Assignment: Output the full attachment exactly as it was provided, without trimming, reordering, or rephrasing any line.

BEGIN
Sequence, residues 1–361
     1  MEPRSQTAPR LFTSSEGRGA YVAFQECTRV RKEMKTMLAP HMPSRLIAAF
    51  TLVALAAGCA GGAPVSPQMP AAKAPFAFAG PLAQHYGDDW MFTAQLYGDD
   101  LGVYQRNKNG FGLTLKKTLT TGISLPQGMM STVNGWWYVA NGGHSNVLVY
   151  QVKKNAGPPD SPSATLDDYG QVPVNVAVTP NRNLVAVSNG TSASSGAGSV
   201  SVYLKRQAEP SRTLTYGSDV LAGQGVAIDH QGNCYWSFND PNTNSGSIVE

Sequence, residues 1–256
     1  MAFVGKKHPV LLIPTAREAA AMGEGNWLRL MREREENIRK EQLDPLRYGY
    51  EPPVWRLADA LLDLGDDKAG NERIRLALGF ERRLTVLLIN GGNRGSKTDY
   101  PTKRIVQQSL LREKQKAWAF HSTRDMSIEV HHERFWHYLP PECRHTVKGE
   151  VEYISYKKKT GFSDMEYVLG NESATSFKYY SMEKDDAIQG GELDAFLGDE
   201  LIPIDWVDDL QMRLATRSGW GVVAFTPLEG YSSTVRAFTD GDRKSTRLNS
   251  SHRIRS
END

Sequence, residues 1–361
     1  MEPRSQTAPR LFTSSEGRGA YVAFQECTRV RKEMKTMLAP HMPSRLIAAF
    51  TLVALAAGCA GGAPVSPQMP AAKAPFAFAG PLAQHYGDDW MFTAQLYGDD
   101  LGVYQRNKNG FGLTLKKTLT TGISLPQGMM STVNGWWYVA NGGHSNVLVY
   151  QVKKNAGPPD SPSATLDDYG QVPVNVAVTP NRNLVAVSNG TSASSGAGSV
   201  SVYLKRQAEP SRTLTYGSDV LAGQGVAIDH QGNCYWSFND PNTNSGSIVE

Sequence, residues 1–256
     1  MAFVGKKHPV LLIPTAREAA AMGEGNWLRL MREREENIRK EQLDPLRYGY
    51  EPPVWRLADA LLDLGDDKAG NERIRLALGF ERRLTVLLIN GGNRGSKTDY
   101  PTKRIVQQSL LREKQKAWAF HSTRDMSIEV HHERFWHYLP PECRHTVKGE
   151  VEYISYKKKT GFSDMEYVLG NESATSFKYY SMEKDDAIQG GELDAFLGDE
   201  LIPIDWVDDL QMRLATRSGW GVVAFTPLEG YSSTVRAFTD GDRKSTRLNS
   251  SHRIRS